53. The Decision itself is a very comprehensive document and dealt with all the issues being debated between the parties. This was not a case of “creep” on Dr Mastrandrea’s part: in every relevant section he describes what each side contended on a factual or contractual issue and then said what his view was. He observed correctly that the source of the Levels Issue controversy was who should be responsible for the delay due the amendment to the design. He noted the concession on the Clause 2.10 point and thereafter dealt with the other matters raised on this issue. It would have been artificial for him to do otherwise. There were various contractual points to be dealt with - six pages of analysis concluded that JFC should have identified that the correct relationship between the floor levels and the pavement would not be achieved on the existing design and should have notified that to Fenice at an early stage which it did not. Dr Mastrandrea then dealt with issues as to the timing and nature of the remedial work. He then dealt with the origin of the levels discrepancy also being argued between the parties. In paragraph 4.70 he reiterated in conclusion that the checking that the levels worked and if not the reporting of such to Fenice at an early stage was JFC’s responsibility. He ended thus:


“Whilst, given the narrow parameters upon which my jurisdiction is based, it is not necessary for me so to decide, I am satisfied that in this JFC failed.”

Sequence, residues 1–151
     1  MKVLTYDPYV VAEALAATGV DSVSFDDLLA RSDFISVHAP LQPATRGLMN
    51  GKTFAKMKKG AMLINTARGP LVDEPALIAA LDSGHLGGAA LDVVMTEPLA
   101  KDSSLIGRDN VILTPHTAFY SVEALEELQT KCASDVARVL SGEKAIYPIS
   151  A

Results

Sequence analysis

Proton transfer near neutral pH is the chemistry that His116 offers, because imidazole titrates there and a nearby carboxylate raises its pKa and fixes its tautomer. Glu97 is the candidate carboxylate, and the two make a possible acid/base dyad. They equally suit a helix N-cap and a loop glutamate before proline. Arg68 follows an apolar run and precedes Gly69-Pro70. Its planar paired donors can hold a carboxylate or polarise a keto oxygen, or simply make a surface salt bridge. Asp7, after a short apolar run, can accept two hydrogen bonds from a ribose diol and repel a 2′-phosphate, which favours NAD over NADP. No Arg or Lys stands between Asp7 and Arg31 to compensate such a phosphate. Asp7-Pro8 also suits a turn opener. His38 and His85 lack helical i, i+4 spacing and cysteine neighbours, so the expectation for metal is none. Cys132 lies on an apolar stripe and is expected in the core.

54. The point here (as Dr Mastrandrea later explained in his e-mail of 4 November) was that although the clause 2.10 point had gone, the parties were seriously contesting the other aspects of the Levels Issue and JFC in particular was coming back on every point and so it was appropriate for him to give his conclusions. From paragraph 6.4 onwards in his Decision he had to return to the Levels Issue because JFC was still maintaining that time was at large here.


55. On the Utilities Issue he covered the disputed points including a contention from JFC that the original instructions did not contain enough information. He referred to the fact that on one issue – whether the utilities were acting as statutory undertakers – he obtained further information from JFC. He also dealt with a force majeure point which had been raised by JFC at the meeting. He agreed that the issue of the instructions did not cause the delay but then concluded that it must have been due either to delay by JFC or by the utilities for whom he found (against JFC’s submissions) they were responsible. He then dealt with the “time at large” claim in respect of the Utilities Issue.